The Department of Labor (DoL) Fiduciary Rule brings significant changes to the retirement industry. This new Rule, spelled out over more than 1,000 pages, requires financial advisers, qualified plan sponsors and other professionals that counsel and sell products and services to retirement clients, meet a fiduciary standard (in the client’s "best interest") and requires disclosure of fees and expenses associated with the retirement plan as well as underlying investment vehicles. The use of a "Best Interest Contract" is now required, establishing a fiduciary relationship with the retirement investor, reinforcing the provisions of the Rule.
The risk of litigation and regulatory enforcement for not adhering to the new fiduciary standards is quite real for financial firms and individual advisers. Safeguarding companies and advisers requires third party expertise and evidentiary defenses.
Evidence that your company including your Financial Advisers fully comply with the requirements of the DoL Fiduciary Rule can be used as a shield in defense of class-action law suits alleging breach of the Best Interest Contract and fiduciary duties. Evidence can also be provided in case of regulatory investigation or enforcement of the Fiduciary Rule, by the Department of Labor.
As a provider of objective, third party verification (TPV) capabilities for more than 15 years, Istonish can help reinforce written agreements by capturing "evidence of comprehension" from retail clients and provide solid contractual defense against regulatory investigations, class-action lawsuits and individual contractual disputes with retail consumers. We provide:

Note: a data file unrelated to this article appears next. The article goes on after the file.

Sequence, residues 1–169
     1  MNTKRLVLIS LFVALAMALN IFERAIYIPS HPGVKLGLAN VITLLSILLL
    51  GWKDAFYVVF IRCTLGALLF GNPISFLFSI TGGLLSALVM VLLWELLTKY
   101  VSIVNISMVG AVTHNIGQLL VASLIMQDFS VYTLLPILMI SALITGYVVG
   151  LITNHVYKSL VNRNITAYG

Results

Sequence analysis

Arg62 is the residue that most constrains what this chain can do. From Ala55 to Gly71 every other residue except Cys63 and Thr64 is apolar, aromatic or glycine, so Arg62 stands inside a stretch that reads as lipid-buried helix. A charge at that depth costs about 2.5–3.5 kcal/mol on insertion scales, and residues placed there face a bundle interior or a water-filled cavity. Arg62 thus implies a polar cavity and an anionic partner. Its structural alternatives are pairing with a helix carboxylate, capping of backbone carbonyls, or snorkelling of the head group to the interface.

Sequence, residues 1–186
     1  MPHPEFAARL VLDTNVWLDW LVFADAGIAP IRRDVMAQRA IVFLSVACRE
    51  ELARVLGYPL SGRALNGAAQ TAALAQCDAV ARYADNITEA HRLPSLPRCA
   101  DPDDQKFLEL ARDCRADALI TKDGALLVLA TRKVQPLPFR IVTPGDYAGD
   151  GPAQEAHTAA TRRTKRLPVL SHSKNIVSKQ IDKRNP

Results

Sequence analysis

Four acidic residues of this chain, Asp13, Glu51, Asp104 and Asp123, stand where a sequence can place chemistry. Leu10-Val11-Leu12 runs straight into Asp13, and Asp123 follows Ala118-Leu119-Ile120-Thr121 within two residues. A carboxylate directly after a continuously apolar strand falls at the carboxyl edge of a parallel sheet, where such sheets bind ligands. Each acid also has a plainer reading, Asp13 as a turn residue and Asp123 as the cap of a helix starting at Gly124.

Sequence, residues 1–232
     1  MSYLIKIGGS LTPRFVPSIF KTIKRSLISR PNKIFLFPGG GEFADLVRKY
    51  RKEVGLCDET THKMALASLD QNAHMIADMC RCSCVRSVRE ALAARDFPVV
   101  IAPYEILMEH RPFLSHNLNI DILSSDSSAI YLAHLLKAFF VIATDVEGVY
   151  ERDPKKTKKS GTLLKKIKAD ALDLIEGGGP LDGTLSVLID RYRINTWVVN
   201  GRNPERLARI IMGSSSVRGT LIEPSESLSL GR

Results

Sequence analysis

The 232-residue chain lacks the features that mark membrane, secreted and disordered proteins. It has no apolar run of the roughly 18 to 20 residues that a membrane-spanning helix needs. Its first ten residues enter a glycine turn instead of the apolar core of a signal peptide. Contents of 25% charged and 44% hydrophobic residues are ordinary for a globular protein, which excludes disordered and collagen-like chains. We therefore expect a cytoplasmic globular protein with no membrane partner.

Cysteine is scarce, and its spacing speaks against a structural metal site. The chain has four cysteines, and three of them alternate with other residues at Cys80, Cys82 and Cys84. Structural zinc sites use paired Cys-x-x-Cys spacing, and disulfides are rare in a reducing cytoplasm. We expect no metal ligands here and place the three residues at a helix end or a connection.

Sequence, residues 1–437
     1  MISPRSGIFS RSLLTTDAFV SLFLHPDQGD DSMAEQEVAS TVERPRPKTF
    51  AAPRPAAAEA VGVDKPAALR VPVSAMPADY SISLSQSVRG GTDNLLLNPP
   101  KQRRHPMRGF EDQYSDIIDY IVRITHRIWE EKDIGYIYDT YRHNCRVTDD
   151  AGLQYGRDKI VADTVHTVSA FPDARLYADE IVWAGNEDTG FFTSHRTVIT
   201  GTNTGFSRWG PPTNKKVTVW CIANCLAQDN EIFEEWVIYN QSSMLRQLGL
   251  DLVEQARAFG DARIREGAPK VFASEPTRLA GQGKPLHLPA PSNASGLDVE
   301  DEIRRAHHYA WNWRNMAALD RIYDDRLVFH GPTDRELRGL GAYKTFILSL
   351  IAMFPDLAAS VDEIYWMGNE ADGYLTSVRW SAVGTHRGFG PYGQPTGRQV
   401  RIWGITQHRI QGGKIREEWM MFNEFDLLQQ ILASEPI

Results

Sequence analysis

TPV can identify comprehension gaps or misunderstandings by a retail retirement investor, requiring that a financial adviser confirm terms, conditions and disclosures with the retail client, under the terms of the new Best Interest Contract. TPV feedback records, including statistics, can also be provided to the Advisers, sales supervisors and compliance – highlighting areas for improvement or Fiduciary Rule training.
Capturing, storing and retrieving "evidence of comprehension" can be difficult – even with the most advanced platforms. Using a third party to capture, index and store electronic artifacts such as customer voiceprints or digital records affirming understanding of the fiduciary's advice, with the ability to retrieve such evidence "on demand" is extremely valuable.
With "robo-advisors," where investors make their own investment decisions, there is significant value in obtaining independent confirmation of the retail client's responsiblity for understanding their investment choices (investment risks, fees, costs, liquidity, etc.), and that they will not hold your organization responsible for their independent choices.
Independent verification also enables organizations to administer business rules consistently across the enterprise. Reporting from a third party allows compliance professionals the ability to identify serious gaps in sales activities and customer interactions and correct them before there is a problem.
Exploring some compliance requirements under the BICE, together with their counterparts in general ERISA principles and the concept of evidence of comprehension as an underlying factor impacting litigation decisions in a variety of contexts under ERISA, and a proposed solution to hedge against these types of significant legal risk.